Street artist Banksy has been ranked ahead of the likes of Turner and Constable with his Balloon Girl ranked the nation’s favourite British artwork in a new study which shines a spotlight on our ever-changing tastes in art.
The mysterious Bristol street artist, who makes witty and profound social statements with his infamous stencils, topped the list of artistic greats with his 2002 work, in a UK-wide survey to get a better picture of the art which makes us tick. Constable’s The Hay Wain, which hangs in the National Gallery, was second.
The Frame National Art Audit tasked 2,000 British adults with voting for their favourite visual artworks from a shortlist drawn up by a panel of dedicated arts editors and writers. The results see contemporary artists on a par with the old masters – pointing to an eclectic national taste that even allows for works which have been mass produced on an industrial scale.
The heavily reproduced The Singing Butler by Jack Vettriano takes third position, whilst album artwork owned by millions is now considered fair game as decorative art, with record sleeves for The Beatles, Pink Floyd and The Sex Pistols highly prized by the nation and figuring in the top 20.
The Art Audit was commissioned to mark the launch of The Frame – a ground-breaking new TV from Samsung which blends art and technology. The innovative screen seamlessly becomes a piece of art when not being used, with Art Mode offering over 100 specially curated built in pieces of art (with many more available for purchase), or the option to display your own cherished photography.
The nation’s favourite artworks by British artists are:
- Banksy; Balloon Girl – 44%
- John Constable; The Hay Wain – 33%
- Jack Vettriano; The Singing Butler – 31%
- JMW Turner; The Fighting Temeraire – 30%
- Antony Gormley; The Angel of the North – 27%
- L S Lowry; Going to the Match – 26%
- John William Waterhouse; The Lady of Shalott – 26%
- Peter Blake; Sgt Pepper album cover – 23%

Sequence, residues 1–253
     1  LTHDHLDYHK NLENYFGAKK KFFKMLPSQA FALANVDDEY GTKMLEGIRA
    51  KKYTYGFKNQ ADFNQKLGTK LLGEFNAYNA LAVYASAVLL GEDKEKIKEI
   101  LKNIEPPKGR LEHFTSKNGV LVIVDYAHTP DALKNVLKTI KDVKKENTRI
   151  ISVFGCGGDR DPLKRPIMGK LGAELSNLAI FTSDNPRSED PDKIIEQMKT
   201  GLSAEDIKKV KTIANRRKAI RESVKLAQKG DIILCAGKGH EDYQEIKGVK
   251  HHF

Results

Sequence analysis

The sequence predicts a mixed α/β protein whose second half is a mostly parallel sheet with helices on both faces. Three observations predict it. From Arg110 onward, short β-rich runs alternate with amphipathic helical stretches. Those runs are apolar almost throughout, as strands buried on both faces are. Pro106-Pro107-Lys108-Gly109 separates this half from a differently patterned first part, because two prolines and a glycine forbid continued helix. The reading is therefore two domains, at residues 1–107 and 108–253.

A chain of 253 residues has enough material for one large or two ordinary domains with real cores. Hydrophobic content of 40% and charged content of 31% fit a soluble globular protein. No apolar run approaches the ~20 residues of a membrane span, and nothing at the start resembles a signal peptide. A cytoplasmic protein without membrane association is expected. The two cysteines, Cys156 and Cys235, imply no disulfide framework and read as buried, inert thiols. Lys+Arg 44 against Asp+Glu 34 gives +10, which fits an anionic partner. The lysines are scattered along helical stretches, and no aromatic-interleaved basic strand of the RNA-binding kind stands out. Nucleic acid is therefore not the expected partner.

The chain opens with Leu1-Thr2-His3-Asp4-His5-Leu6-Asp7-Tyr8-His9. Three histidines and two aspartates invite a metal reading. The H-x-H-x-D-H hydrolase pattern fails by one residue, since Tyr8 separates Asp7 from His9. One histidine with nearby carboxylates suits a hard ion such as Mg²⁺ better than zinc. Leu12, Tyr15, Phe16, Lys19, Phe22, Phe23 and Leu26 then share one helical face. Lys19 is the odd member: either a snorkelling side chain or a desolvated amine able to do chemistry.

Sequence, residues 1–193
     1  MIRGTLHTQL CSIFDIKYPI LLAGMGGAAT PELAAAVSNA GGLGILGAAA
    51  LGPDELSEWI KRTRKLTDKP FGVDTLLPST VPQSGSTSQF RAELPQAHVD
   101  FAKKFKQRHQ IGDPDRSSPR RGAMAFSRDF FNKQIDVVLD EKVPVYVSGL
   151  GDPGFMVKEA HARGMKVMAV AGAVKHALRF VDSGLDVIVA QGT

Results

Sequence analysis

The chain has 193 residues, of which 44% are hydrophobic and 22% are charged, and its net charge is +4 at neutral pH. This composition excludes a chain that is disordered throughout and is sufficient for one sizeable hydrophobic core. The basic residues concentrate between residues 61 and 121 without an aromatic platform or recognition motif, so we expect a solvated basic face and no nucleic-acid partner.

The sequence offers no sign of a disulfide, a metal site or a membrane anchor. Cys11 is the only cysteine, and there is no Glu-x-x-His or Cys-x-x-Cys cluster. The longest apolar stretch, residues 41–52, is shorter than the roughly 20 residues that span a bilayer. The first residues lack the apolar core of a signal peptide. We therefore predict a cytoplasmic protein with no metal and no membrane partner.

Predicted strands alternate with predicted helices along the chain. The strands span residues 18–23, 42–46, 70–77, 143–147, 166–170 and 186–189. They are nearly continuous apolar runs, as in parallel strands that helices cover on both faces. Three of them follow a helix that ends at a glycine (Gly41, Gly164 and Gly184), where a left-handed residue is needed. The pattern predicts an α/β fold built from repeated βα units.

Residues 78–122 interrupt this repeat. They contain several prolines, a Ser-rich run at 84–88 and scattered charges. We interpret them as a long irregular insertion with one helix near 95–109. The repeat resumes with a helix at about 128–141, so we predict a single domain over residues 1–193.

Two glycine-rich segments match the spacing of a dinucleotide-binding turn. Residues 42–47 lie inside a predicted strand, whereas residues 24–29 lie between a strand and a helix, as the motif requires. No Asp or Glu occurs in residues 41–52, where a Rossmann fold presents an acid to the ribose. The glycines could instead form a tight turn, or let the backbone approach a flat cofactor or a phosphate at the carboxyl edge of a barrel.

- Hipgnosisand George Hardie; Dark Side of the Moon album cover – 23%
- George Stubbs; Mares and Foals – 22%
- Thomas Gainsborough; Mr and Mrs Andrews – 20%
- John Everett Millais; Ophelia – 14%
- Andy Goldsworthy; Balanced Rock Misty – 13%
- David Hockney; A Bigger Splash – 11%
- Bridget Riley; Movement in Squares – 11%
- Anish Kapoor; ArcelorMittal Orbit – 11%
- Stik; A Couple Hold Hands in the Street – 10%
- Maggi Hambling; Scallop – 10%
- Henry Moore; Reclining Figure – 9%
- Jamie Reid; Never Mind the Bollocks album cover – 9%
More than half the top 20 was drawn from works created in the 20th and 21st century, despite the riches stretching back across the preceding centuries. Indeed, nearly a third of the works (30%) date from just the past 25 years.
The nation’s love of sculpture, public art and record sleeves meant that only half the top 20 works were traditional paintings or drawings. Installations by the likes of Damien Hirst and Tracey Emin, despite commanding top dollar from collectors, failed to connect with the public and did not make the top 20.
Two female artists also appear in the top 20 with Bridget Riley’s Movement in Squares and Maggi Hambling’s Scallop reaching 15th and 18th place respectively.
The study found that more than eight in ten (86%) of those who display artworks in their home hang pictures as their primary source of home decoration, followed by family photographs (55%).
However, Brits should also be wary of what they display – the findings suggested that over seven in ten of us (73%) admit we judge people based on the art and pictures we see in their homes. With that in mind, one in five of those in the study (19%) said they have changed or hidden artwork when they had visitors for fear of what people may think.